Following the launch of Sanner’s bio-based effervescent tablet packaging in 2020, additional closure variants and new tube sizes are now available for a broader range of applications in healthcare products and food supplements.
Two years ago, Sanner launched Sanner BioBase, the first bio-based packaging made from renewable raw materials for effervescent tablets. “As a pioneer and market leader in this segment, we are aware of our responsibility towards the environment,” says chief sales officer, Oliver Baumann.
“Accordingly, we have further developed the Sanner BioBase portfolio over the past months and can now tap into additional markets and meet their needs.”
The Sanner BioBase effervescent tablet packaging is now available in four tube lengths and with five closure variants. Depending on customers’ requirements, the tablet tube can be printed or provided with an IML label.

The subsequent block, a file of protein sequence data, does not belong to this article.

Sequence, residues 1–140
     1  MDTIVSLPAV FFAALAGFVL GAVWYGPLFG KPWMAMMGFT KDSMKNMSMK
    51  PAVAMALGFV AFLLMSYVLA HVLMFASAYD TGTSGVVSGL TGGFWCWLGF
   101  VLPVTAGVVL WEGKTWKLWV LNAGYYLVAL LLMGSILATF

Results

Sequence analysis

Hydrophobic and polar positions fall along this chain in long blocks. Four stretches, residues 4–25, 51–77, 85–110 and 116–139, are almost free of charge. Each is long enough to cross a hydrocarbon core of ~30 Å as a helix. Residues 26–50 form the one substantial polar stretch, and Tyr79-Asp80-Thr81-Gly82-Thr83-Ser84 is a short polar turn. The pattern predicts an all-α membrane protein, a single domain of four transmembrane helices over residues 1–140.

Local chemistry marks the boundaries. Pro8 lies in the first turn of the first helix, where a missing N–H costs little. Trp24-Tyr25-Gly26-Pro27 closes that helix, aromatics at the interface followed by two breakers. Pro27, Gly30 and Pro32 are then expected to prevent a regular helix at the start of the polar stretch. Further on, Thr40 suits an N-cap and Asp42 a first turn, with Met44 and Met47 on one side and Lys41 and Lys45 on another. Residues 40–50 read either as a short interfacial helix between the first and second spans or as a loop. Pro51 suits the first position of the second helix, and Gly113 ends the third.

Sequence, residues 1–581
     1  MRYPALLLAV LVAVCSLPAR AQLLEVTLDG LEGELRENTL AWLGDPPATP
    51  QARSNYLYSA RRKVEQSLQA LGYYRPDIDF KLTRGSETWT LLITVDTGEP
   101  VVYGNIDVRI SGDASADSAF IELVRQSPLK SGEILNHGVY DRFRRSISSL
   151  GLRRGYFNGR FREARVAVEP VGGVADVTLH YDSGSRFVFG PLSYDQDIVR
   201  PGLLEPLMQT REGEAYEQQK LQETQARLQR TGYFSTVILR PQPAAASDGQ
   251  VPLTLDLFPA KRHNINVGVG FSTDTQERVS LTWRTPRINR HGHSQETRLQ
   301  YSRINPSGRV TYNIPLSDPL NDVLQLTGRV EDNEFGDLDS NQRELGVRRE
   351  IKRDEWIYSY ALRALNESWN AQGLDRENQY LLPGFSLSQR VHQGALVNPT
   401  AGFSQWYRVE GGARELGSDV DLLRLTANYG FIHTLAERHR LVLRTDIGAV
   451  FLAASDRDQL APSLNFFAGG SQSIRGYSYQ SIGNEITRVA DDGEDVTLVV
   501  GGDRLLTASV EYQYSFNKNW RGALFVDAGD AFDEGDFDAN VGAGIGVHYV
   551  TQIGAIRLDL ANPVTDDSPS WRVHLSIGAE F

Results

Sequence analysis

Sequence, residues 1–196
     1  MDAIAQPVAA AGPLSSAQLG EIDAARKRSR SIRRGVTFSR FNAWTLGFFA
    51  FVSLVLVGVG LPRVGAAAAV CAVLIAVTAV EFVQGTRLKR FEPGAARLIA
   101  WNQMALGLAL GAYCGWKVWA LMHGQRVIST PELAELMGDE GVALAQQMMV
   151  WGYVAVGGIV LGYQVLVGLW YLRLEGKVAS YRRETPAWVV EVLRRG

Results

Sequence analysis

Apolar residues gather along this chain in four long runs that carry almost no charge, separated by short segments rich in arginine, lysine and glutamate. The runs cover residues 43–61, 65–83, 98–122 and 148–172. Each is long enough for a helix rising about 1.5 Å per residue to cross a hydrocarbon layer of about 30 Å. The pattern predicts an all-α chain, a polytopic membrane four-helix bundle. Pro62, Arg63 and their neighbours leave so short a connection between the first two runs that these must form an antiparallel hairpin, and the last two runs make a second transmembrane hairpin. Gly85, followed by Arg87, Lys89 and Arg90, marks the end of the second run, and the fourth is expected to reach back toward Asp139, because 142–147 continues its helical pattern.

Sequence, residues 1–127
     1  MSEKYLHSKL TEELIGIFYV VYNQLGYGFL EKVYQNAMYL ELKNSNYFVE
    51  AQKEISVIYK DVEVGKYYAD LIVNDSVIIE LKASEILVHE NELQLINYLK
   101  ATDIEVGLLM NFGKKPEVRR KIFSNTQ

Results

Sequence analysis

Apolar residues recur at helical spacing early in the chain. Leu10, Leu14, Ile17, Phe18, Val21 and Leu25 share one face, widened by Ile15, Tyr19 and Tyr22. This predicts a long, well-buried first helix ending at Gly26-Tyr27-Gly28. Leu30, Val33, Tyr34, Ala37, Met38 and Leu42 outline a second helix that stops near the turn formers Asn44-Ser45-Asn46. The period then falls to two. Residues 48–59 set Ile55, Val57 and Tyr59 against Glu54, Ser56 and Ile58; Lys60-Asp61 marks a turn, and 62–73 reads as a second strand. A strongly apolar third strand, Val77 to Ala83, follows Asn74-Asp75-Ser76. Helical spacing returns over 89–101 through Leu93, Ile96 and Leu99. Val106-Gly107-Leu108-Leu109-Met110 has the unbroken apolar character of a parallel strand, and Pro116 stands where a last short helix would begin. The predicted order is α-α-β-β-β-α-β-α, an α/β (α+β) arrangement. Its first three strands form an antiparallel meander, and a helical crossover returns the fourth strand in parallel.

In addition to the previous DASG 1 desiccant closure, customers can now also choose between two DOG 1 and one DOSG 1 variant, as well as the user-friendly FOG 27 Flip Top closure, which can be opened with one hand.
All materials are approved for use with food products in both the EU and the US. The pack consists of more than 90% renewable raw materials and is made from either corn, sugar cane, or cellulose.
According to Sanner, an independent institute has confirmed that, when compared to petroleum-based plastics, the bio-based effervescent tablet packaging achieves savings (in kg CO2 equivalent) of around 15%. This reportedly equals more than 7 metric tons per million tubes, or roughly the emissions of four mid-range cars per year.
The company also says that the properties of the range are comparable to conventional packaging solutions. It claims that, from a chemical point of view, Sanner BioBase is almost identical to PE or PP made from fossil raw materials.
In addition, Sanner says that lower water vapor permeation ensures an approximately 40% longer shelf life of the packaged products, which contributes to fewer food supplements that must be thrown away. Moreover, Biobase can apparently be processed on existing filling lines.